Was a Texas Ramada Hotel Charging $999 For Rooms After a Huge Winter Storm?
As residents across Texas fought power blackouts on February 15 2021 following a massive winter storm, a Ramada Hotel in Austin came under criticism online for appearing to respond by price-gouging people seeking shelter with electricity.
Reporter Tony Plohetski was one of several Twitter users who posted photographs of listings for the Ramada by Wyndham Austin South advertising rooms for $999 a night:
NEW: Hotels in Austin are utterly booked as people escape freezing homes. There is availability at a Ramada by Wyndham in South Austin. Price? $999. pic.twitter.com/Srz9J35MAQ
— Tony Plohetski (@tplohetski) February 16, 2021
We looked at the Wyndham Hotels website the same day to check their listings, and we also saw both one-bed and two-bed rooms listed at $999 each:
We contacted Wyndham Hotels & Resorts seeking more information about the apparent price increase and received this response from a company spokesperson:
We do not tolerate price gouging and require that hotels comply with all local, state and federal laws. In speaking with the owner of this hotel, which is independently owned and operated as a franchise, it’s our understanding that the temporary rate increases seen online were the result of the property working to close out its inventory as it managed the loss of power and other utilities. We have since been assured that no guests were charged, nor was there any intent to charge, the rates shown. While the hotel is not accepting new reservations, guests currently staying at the property are being allowed to extend their stay at no additional cost while they wait for conditions to improve.
The online price listing became one of several points of criticism as residents without power scrambled to find shelter. A photo posted by KVUE-TV reporter Terri Gruca, showing the city’s downtown area well-lit while another part of the city was completely dark, was shared more than 3,000 times on the platform.
“A tale of two cities — on the right is downtown Austin,” Gruca wrote. “To the left East Austin. Look who has power.”
A tale of two cities – on the right is downtown Austin – to the left East Austin. Look who has power. @KVUE pic.twitter.com/nxhgU2efak
— Terri Gruca (@TerriG_KVUE) February 16, 2021
According to KXAN-TV, more than 4 million Texans remained without power as of the morning of February 16 2021 prompting criticism of the Electric Reliability Council of Texas (ERCOT), the private group that monitors the state’s electric grid.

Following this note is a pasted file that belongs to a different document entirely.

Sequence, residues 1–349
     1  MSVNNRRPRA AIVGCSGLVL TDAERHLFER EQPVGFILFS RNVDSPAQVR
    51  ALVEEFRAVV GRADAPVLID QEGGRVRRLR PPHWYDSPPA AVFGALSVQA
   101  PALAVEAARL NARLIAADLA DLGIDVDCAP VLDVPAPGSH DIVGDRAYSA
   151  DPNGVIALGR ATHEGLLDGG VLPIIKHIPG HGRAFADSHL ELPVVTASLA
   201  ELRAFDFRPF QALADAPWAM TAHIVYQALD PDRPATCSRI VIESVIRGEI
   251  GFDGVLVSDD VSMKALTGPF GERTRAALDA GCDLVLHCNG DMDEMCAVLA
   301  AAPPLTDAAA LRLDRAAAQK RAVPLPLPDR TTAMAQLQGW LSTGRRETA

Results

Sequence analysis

“We need to keep power flowing safely and effectively and when we saw particularly Sunday night as the storm blew in, the operators at ERCOT are thinking about that safety and that margin for safety all the time,” ERCOT president Bill Magness told the station. “We would not have asked for any customer to have to be without power particularly in this terrible cold situation unless we needed to manage the overall security of the electric grid. So when we first ask for those outages to happen, that was paramount. And remains so.”
As the Texas Tribune reported, the state relied on privately-run utilties more and more during the 19th and 20th centuries to stay “out of the reach of federal regulators,” culminating in the creation of Magness’ group:
ERCOT was formed in 1970, in the wake of a major blackout in the Northeast in November 1965, and it was tasked with managing grid reliability in accordance with national standards. The agency assumed additional responsibilities following electric deregulation in Texas a decade ago. The ERCOT grid remains beyond the jurisdiction of the Federal Energy Regulatory Commission, which succeeded the Federal Power Commission and regulates interstate electric transmission.
Ed Hirs, an energy fellow in the Department of Economics at the University of Houston chided ERCOT to the Houston Chronicle for creating the conditions that led to the widespread loss of power. He said:
The ERCOT grid has collapsed in exactly the same manner as the old Soviet Union. It limped along on underinvestment and neglect until it finally broke under predictable circumstances. For more than a decade, generators have not been able to charge what it costs them to produce electricity. If you don’t make a return on your money, how can you keep it up? It’s like not taking care of your car. If you don’t change the oil and tires, you can’t expect your car to be ready to evacuate, let alone get you to work.
The Tribune also reported that Republican Gov. Greg Abbott moved to list ERCOT as an “emergency item” in the state legislative session, allowing the Republican-controlled legislature to address it within the first 60 days after convening.
“The Electric Reliability Council of Texas has been anything but reliable over the past 48 hours,” the governor said. “Far too many Texans are without power and heat for their homes as our state faces freezing temperatures and severe winter weather. This is unacceptable.”
According to the Chronicle, at least ten deaths in and around that city have been linked to the storm, so far.